About the author: Hannah Oswalt wrote this post as a part Dr. Stacy Krueger-Hadfield’s Evolutionary Biology course at the University of Alabama at Birmingham. Hannah is a doctoral student in Dr. Charles D. Amsler’s lab where she is investigating the effects of ocean acidification on macroalgae and amphipods around the western Antarctic Peninsula. She is excited to study these marine organisms and contribute to our understanding of how global climate change is affecting these unique organisms.
On a warm summer evening, you open your window and hear the melodious sounds of crickets gently chirping. To human ears, their chirps sound like a perfectly formed symphony, but do they sound this harmonious to female crickets?
Male crickets create their chirping sound by rubbing their front wings together. This sound acts as a romantic song to attract female crickets for mating but not every song is the same. Different species of crickets will often produce different chirps. This is fine when the species are not closely related. However, what happens when two closely related male crickets inhabit the same area? Do females get attracted to males of a different species?
Xu & Shaw (2019) explored whether the similar cricket species Laupala cerasinaand Laupala prunain the same area used different acoustic songs or different spacing of males. These two species are endemic to Hawaii and have calling songs characterized by trains of pulses. The frequency and pulse duration are similar between the species but each species has a distinctive pulse rate.
The methods were completed in two main steps. First, the question of location was determined by surveying calling males in three quadrants that covered different habitat types: closed canopy forest, open canopy forest, and tree fern-ginger patches. Male locations were marked with flags. Then, the species, calling site type, height of call position, and horizontal distance from neighbor were recorded for each cricket.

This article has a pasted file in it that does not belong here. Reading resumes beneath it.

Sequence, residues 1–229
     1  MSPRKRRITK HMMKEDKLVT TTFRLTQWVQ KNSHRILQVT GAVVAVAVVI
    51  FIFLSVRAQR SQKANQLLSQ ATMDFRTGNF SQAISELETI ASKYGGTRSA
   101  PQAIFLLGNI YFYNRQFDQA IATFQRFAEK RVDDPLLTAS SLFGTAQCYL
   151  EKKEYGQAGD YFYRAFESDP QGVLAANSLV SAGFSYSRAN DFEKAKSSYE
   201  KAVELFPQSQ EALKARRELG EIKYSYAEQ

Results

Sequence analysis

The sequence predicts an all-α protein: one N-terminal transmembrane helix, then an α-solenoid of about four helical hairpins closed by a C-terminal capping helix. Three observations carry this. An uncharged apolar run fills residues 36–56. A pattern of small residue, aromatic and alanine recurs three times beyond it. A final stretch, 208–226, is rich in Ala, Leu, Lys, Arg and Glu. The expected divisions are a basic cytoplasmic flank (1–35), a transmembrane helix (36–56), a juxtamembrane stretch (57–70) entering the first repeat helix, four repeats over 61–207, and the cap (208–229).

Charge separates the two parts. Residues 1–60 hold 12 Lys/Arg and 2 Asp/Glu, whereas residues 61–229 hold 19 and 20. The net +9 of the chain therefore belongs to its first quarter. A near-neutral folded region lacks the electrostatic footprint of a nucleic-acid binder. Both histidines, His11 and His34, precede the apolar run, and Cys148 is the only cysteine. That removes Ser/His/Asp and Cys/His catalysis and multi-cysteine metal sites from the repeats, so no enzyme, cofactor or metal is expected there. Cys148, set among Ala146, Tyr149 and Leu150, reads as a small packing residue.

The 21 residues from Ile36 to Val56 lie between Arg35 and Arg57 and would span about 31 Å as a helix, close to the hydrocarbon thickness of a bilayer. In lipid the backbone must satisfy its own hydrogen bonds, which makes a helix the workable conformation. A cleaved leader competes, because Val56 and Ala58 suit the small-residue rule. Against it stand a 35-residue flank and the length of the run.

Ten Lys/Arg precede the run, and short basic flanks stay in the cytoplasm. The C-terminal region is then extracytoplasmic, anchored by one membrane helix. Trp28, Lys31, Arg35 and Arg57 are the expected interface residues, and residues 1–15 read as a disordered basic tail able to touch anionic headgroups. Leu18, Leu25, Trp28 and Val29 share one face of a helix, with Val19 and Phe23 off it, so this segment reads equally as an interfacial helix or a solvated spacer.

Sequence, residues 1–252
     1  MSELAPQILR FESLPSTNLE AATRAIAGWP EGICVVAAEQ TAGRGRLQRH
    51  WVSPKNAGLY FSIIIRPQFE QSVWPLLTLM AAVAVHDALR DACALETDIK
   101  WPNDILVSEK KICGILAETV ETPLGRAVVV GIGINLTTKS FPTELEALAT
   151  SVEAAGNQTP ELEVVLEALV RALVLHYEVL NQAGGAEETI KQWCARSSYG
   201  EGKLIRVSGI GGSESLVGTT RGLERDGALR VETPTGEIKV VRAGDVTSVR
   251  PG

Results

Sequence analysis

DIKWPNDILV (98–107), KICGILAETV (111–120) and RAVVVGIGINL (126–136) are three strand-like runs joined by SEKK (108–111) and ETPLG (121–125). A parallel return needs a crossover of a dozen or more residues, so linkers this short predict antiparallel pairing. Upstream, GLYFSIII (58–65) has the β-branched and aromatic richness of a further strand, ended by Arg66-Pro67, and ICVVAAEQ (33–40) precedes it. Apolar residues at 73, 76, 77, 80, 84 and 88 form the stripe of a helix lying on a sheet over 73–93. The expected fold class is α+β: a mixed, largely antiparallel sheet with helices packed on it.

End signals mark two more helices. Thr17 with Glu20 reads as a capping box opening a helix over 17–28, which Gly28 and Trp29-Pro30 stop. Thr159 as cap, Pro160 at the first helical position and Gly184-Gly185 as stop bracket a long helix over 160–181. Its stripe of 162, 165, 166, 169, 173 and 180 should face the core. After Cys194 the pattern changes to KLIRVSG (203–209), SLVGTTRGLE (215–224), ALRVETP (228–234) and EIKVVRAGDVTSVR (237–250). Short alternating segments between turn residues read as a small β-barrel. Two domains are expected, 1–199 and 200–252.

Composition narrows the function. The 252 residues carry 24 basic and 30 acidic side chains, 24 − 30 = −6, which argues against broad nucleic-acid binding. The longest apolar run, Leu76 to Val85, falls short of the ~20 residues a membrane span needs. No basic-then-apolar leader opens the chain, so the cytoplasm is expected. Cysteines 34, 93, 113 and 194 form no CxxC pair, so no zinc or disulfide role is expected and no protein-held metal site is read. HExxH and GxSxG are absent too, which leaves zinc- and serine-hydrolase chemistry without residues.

Next, acoustic differences were quantified by examining recordings of five males from each species for pulse rate, duration, frequency, and power spectra (distribution of acoustic power over the frequency range).
L. cerasina were found to have a significantly faster pulse rate, shorter pulse duration, and lower carrier frequency when compared to L. pruna (Figure 1). However, the power spectra between the species was found to be almost completely overlapping. Males were also shown to clump together in heterogeneous distributions, with L. cerasina usually calling from higher up.
The calls from each species were found to be similar enough that females are likely able to hear the songs from both species, possibly leading to interference when mating. A common response to such song similarity is often for males to separate from each other spatial. However, this was not observed. Males were found to cluster in heterogeneous groups in the same type of location and were usually found to be closer to males of the other species (Figure 2). The answer for this unusual multispecies male gathering might have a simple answer. Female crickets are often attracted to louder songs. More males calling together create a louder song to attract females. However, in comparison to clusters of same-species only, having mixed species groups still increases the volume of the songs but provides less competition among the males. This finding is a unique exception of previously found aggression between heterospecific males. In this case, male crickets do gather together to create a symphonic love song to attract mates.